Garner’s Usage Tip of the Day: unleash.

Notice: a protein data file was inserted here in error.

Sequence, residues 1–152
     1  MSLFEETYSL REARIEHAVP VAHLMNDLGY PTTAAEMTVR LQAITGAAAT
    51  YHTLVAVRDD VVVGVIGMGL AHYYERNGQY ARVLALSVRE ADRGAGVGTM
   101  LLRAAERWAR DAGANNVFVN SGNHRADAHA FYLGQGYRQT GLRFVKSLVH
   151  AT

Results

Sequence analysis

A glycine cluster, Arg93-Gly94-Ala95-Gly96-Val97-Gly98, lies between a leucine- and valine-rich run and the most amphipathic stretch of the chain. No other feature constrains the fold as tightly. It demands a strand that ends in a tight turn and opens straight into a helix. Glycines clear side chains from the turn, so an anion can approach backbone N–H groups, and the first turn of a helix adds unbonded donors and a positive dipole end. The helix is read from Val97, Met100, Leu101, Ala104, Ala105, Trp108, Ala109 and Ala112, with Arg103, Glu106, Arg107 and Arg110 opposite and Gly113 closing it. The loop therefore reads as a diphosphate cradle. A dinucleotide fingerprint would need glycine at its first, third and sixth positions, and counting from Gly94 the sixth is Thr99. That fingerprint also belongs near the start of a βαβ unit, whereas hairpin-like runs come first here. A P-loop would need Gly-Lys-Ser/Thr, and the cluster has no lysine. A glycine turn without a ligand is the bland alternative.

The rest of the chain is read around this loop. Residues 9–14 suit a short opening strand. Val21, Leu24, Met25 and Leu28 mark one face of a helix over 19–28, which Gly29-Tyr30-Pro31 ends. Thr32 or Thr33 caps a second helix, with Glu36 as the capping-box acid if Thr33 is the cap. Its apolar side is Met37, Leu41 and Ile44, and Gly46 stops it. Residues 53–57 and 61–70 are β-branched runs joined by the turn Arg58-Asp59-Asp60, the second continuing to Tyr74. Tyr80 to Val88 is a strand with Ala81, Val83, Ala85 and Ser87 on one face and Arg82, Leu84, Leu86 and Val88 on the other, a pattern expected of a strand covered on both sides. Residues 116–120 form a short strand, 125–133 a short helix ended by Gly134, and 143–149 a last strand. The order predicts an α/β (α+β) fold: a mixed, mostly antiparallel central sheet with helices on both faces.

unleash. “Unleash” is premised on the analogy of letting a threatening or vicious animal off a leash. But a surprising number of writers have misunderstood that and written the meaningless *”unlease” — e.g.: o “But Mr. Williams unleases [read ‘unleashes’] a fiery temper at managers who fail to make budget.” Eric N. Berg, “Suntrust’s Florida Ambitions,” N.Y. Times, 24 Nov. 1986, at D1. o “When the South Vietnamese balked, the American response was to unlease [read ‘unleash’] the B-52s for the Christmas bombing raids on Hanoi.” “Henry Kissinger: A Man for Some Seasons,” Economist, 3 Oct. 1992, at 96. o “Carl Wolter couldn’t have picked a better time to unlease [read ‘unleash’] a monstrous throw.” Robert Flexer, “Outstanding in His Field,” Morning Call (Allentown, Pa.), 13 June 1996, at N20. o “The mind can be an incredible tool with the power to unlease [read ‘unleash’] much-needed lessons on those who persecute others.” Roger Hurlburt, “‘Matilda’ a Witty Tale of Mischief,” Sun-Sentinel (Ft. Lauderdale), 2 Aug. 1996, Showtime §, at 5. Language-Change Index — *”unlease” for “unleash”: Stage 1. *Invariably inferior form. For information about the Language-Change Index click here. ——————– Quotation of the Day: “Those who must write well to survive will learn to write well.” Lester S. King, Why Not Say It Clearly 5 (1978).
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